Safety crews, response and equipment.
During a NASCAR meeting at the Thunderdome, there are three safety crews stationed around the track. A single crew consists of three or four people trained in emergency response procedures and one vehicle. All of the safety marshals are trained in all aspects of the job to ensure everything can be done, no-one is specialised in any one area. As well as the track safety personnel, there is a unit from Victorian Fire and Rescue, fully equipped with Jaws of Life and other extraction tools. There are three ambulances on standby at the track during a large event and never less than one if anyone is using the track for racing or practice. There are two doctors waiting at the medical centre, which is a small but well equipped hospital under the media centre in the middle of the Thunderdome, at the end of the pit area. A water tanker is also on standby in the event of grassfires or any other water need. As well as the safety crews, there are corners observers on each corner, which report any incidents to race control.
Each safety vehicle carries the same items. These include 8 fire extinguishers, of various types, a circular saw and a sabre saw for cutting roll cages, extraction straps which can lift a driver vertically out of a damaged vehicle, brooms, Rice Hull ash, for absorbing oil and a shovel. Each of the vehicles has had 'push bars' attached to the front to move damaged vehicles off the bank, see right. It is necessary to push or pull the vehicles down from the bank once the driver has been stabilised in the car. Tow trucks and ambulances cannot operate on the steep slope.
The ambulances at the track were purchased from a standard ambulance service and are equipped the same way. They carry all the usual emergency equipment, oxygen, heart monitor, spine splints, splints for every part of the body and lots of sterile water. They carry much more sterile water than usual due to the high likelihood of burns. One person is able to operate the ambulance alone, but there is usually two. The ambulances are always running at the start of events. They are running for at least the first 3 laps of a NASCAR or AUSCAR meeting, and for the entire race if HQ Holdens are on the track. They are also running for an entire Top Fuel Drag meeting.
On the Thunderdome, a pace car is used in the event of an incident requiring a yellow caution light. The pace car is in full radio contact with race control at all times. The lead race car takes up position behind the pace car and all other vehicles follow. No passing is allowed under yellow. The pace car leads the racing cars around any incident on the track at a relatively low speed, or into pit lane if required. When the yellow caution lights on the track are operated, a large yellow light also operates on the drivers dash in every car. This was found to be necessary due to drivers not noticing the track yellow while concentrating so hard and affected by adrenaline.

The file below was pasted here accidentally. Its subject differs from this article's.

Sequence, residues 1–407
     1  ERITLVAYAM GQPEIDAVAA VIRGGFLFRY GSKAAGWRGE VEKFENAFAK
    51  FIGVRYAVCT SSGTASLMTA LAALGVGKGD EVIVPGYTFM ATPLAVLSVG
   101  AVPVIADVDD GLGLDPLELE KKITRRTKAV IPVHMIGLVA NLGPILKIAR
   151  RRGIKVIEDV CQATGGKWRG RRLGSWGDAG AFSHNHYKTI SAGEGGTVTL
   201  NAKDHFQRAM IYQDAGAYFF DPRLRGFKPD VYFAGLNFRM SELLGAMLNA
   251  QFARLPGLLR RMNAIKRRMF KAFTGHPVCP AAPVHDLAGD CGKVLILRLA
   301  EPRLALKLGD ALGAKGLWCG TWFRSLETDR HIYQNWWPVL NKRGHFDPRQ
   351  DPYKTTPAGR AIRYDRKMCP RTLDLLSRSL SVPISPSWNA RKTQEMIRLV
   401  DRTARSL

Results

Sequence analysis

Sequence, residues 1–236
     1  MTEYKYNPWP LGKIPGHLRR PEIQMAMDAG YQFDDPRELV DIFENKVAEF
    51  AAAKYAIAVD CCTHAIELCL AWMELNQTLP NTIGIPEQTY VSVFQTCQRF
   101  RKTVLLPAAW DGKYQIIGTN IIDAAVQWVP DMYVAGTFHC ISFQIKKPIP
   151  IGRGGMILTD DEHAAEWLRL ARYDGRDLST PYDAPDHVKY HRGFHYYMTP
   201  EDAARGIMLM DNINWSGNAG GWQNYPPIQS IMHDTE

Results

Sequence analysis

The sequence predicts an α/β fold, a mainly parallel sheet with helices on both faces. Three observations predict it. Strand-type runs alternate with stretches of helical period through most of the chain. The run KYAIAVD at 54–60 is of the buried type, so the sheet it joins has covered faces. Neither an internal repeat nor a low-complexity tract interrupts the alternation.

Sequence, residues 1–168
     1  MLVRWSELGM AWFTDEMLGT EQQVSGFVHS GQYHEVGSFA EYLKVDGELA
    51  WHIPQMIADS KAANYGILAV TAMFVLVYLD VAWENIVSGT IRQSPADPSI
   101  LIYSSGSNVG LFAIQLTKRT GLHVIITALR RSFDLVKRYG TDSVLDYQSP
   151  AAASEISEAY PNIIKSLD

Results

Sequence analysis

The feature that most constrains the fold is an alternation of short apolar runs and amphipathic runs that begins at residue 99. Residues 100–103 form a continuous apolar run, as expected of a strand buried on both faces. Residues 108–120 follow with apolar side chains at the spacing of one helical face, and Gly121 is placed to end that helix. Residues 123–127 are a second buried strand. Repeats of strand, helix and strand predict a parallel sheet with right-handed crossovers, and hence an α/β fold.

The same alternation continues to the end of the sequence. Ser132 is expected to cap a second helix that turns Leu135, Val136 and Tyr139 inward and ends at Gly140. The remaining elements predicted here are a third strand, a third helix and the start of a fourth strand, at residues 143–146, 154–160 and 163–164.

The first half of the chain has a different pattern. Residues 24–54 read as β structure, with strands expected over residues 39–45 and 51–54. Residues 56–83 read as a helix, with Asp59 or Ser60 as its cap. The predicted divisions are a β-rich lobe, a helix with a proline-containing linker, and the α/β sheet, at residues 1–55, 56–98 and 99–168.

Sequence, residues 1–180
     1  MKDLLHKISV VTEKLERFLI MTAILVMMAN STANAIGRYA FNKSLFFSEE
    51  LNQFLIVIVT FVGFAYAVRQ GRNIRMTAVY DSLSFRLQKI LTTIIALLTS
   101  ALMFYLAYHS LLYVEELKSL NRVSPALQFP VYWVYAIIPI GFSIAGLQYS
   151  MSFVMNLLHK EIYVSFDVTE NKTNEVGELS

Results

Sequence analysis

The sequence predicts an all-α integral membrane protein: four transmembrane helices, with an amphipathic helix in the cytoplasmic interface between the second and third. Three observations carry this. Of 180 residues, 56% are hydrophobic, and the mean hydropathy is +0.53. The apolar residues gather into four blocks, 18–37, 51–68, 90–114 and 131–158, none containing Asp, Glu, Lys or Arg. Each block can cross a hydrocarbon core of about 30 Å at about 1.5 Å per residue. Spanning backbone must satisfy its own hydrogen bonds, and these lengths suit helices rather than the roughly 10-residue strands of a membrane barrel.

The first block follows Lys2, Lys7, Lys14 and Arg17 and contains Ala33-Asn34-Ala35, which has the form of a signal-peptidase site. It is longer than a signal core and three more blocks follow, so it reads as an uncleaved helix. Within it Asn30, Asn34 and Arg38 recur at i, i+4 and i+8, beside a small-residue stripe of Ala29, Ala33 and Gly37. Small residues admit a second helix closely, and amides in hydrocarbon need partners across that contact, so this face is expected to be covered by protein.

Response times on the Thunderdome are very fast. A safety crew can get to any point on the track within about 15 seconds. The safety crews are dispatched by race control by radio. All safety teams are in constant radio communication. Use of codes is required when reporting on the state of a driver when the crew first reaches a damaged vehicle, due to the number of people listening in to the broadcasts. The higher the code, the more severe the injury, eg code 7 is serious and unconscious, code 9 is fatal.
If a helicopter is required for an air evacuation of an injured driver, it may land on the heli-pad next to the medical centre, if the driver has been brought in, or it can land anywhere on the track itself. If there is going to be a wait for a driver to be extracted from a car, all the cars are brought into pit lane behind the pace car where they have to wait. The cars being held may not receive any repairs or have any contact with their respective pits. A doctor in pit lane may use this time to conduct quick checks of drivers if they have been involved in a heavy impact but are still running. If the helicopter needs to land on the track, or if any car needs to be cut open, the cars are brought in. When a car must be cut open, it is essential that the rescue personnel know exactly what to cut. Every NASCAR and AUSCAR has exactly the same safety cage design as every other one of the same class. This ensures that there are no surprises when time is critical. If any vehicle needs towing away from a racing incident, the driver must be taken into the medical centre to be checked by a doctor, with no exceptions.
Every pit for every car in a NASCAR or AUSCAR event must have its own fire extinguisher and a bucket of Rice Hull ash. If a pit is found without a fire extinguisher, the car is black flagged and must wait in the pits until the extinguisher arrives. Rice Hull ash is widely used to absorb oil in motor sports. It absorbs the oil very quickly and completely, and can simply be swept off the racing surface, either by physically brushing it, or by the wind created by the passing cars. While the safety vehicles carry a large bucket of ash, in the event of a major engine failure, a large quantity of oil may be spread over a large section of track. If this happens, there is a similar vehicle to the safety vehicles that has an ash 'spreader' on the back which can be driven over the spill dumping the ash quickly.